The Dichotomy Women Face

To Divorce or Be Divorced?

There’s not denial that the rate of divorce has reached unprecedented levels in modern times.  An average of one in three marriages never make it to “death us do part”.  A sobering thought. Even more interesting is that this is not a Western phenomenon.  It is a sad fate that is familiar to those in more traditional or Eastern cultures too.  Muslim marriages have also succumbed.

A lot of debate surrounds the reasons as to why the number of divorces is so high.  I guess there will always be heated conversations about it.  Perhaps the reason why marriages amongst the older generations survived is because there was a deep sense of shame attached to divorce.  That burden was (and still is) invariably carried by women. A divorcee was therefore deemed a failure.  So, it’s not so much that people were happier in the olden days; it’s more the case that there was a greater social stigma involved so women (especially) simply tolerated their lot. Their reputations would be sullied whereas men would move effortlessly onto their next project.  That is why it is important to look beyond the raw statistics.  They don’t tell the full story. 

I say this having seen and heard many examples in my own life amongst family and friends.  Many women of bygone days endured emotional, physical and financial abuse simply because they had no recourse to an alternative solution.  Without a source of income, they were caught between a rock and a hard place; their only option would most likely have been to return to their father’s home – a fate which would bring dishonour to everyone in the family. 

The Writing is On the Wall

I know there are people today who would argue that things have not changed much. Yet, from my own observations of Muslim (especially Asian) families, I see a burgeoning group of modern 21st century young Muslim women who refuse to be cast in the same mould as their mothers or grandmothers before them. They dare to do things differently. They don’t hesitate to vocalise their grievances in their marriages and risk divorce.  In some cases, they find it difficult to get married at all because they refuse to bend to the demands of others, namely a potential spouse. Today, the more financially-independent and educated young woman will not stand for nonsense.  But this saving grace has also inadvertently been her own downfall.  It is a cruel irony. 

So, what has gone wrong? I think the problem stems from two root causes. The first is that for those older mothers who suffered silently in their hollow marriages, they have unknowingly taught their daughters that such a life for themselves simply won’t do. We now have smart, articulate and educated women who refuse to live the same torment their mothers and grandmothers endured.  Thus, they are not entirely dependent on their menfolk like the previous generations were.  For some men, this boldness is intimidating and their masculine pedestal now stands on shaky ground. Let’s face it. Most women are adept at multi-tasking.  When she can hold down a job and run a home with a family, a woman becomes a formidable force.  The man is now not as indispensable as he would like to believe.  I think deep down the male ego takes a silent beating.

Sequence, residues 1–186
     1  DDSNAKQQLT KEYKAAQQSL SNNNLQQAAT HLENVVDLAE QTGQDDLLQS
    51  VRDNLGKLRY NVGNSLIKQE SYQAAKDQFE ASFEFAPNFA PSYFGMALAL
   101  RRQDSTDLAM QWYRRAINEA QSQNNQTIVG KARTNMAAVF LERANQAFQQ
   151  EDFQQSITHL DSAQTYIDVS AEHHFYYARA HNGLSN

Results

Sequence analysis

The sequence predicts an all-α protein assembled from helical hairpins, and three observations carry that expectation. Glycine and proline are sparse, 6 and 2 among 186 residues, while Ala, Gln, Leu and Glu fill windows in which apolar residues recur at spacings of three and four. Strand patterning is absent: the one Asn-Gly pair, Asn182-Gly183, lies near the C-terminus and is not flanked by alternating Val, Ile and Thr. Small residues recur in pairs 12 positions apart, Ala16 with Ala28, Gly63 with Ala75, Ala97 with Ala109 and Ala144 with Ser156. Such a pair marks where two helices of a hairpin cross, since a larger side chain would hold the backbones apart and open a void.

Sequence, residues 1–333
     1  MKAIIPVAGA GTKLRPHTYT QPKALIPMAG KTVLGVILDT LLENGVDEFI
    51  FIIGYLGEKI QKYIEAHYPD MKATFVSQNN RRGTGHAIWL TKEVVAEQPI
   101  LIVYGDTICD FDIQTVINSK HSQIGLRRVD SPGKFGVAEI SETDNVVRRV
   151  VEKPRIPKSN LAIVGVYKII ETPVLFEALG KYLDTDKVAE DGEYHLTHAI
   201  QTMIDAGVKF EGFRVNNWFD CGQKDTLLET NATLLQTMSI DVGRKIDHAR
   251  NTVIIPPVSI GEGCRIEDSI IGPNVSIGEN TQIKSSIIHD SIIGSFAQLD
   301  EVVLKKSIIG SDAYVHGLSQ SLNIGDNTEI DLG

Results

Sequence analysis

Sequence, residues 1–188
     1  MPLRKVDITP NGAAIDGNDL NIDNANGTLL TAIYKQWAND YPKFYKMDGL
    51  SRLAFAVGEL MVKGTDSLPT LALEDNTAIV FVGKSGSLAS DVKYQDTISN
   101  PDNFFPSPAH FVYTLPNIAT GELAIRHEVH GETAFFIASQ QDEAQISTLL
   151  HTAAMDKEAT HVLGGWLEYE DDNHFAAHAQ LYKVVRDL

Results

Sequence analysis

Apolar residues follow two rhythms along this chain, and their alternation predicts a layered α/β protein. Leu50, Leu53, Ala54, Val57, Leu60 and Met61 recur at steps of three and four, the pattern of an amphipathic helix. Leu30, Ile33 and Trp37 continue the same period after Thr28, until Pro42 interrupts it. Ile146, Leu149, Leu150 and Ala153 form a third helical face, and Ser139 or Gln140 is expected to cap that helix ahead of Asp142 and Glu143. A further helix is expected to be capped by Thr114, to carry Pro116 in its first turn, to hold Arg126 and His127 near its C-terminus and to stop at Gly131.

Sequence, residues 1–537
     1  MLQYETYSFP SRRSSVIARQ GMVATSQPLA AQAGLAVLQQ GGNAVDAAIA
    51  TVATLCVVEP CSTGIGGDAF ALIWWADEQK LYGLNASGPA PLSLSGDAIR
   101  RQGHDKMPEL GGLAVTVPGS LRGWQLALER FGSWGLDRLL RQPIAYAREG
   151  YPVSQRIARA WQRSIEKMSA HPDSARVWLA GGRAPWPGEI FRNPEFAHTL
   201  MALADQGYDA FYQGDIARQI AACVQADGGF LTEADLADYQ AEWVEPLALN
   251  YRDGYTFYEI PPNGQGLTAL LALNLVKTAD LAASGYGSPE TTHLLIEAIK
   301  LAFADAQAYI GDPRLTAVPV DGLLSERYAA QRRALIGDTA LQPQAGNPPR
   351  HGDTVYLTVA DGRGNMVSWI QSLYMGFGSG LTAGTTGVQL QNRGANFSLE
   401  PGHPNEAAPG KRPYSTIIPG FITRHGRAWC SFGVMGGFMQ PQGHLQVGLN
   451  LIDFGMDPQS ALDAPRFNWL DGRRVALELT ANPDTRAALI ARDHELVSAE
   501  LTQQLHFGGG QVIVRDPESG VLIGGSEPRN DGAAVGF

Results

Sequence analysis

To complicate matters, despite their academic and financial achievements, young women still need to meet the timeless definition of ‘wife’ – a definition which has been immortalised by culture. A good wife is one who acquiesces to her husband’s whims and plans; she sacrifices her own wishes and lets him ultimately decide the big decisions about family and future.  This is confusing.  She must be independent and dependent at the same time; she must make decisions but waive her choices in preference of someone else’s; she can be disappointed but she can’t voice her disagreement for the sake of peace. I wonder how anyone can embody the contradiction of independence and cultural conformity without going insane?  A young Muslim woman has become her own worst enemy, it seems.

Meanwhile, the second root problem is that our menfolk have not been taught life skills pertaining to harmony in a marriage.  There are so many prescriptive measures for women to have successful marriages but much less is laid out for the men. Yes, they are the traditional breadwinners but beyond that, how many are in tune with their wives’ emotions or needs?  For some men, women are simply a neurotic species that need to be tolerated.  This is an unfortunate position to take. Mothers have seemingly spent more time training their daughters for marriage yet have conveniently overlooked the lessons that their sons desperately need too. It is not a one-sided coin.  As long as men refuse to compromise or try to understand their wives, a successful marriage is not going to happen.

To be honest, this whole topic about why divorce is rife even amongst Muslim communities is one which can’t be explained in one short blog post.  There are just too many layers and factors to consider.  I have risked the wrath of many (Muslim) men by ignoring those who really do go out of their way to do right by their women.  I acknowledge that they do exist.  However, they are a rare breed.  I actually was fortunate to have had that experience in my own marriage.  One thing for sure is that whilst religion does not need updating, cultural attitudes need to shift.  And if they refuse to shift, Muslim women of today will choose themselves over society.  This trend has already started.  I can already hear the words ringing out…  

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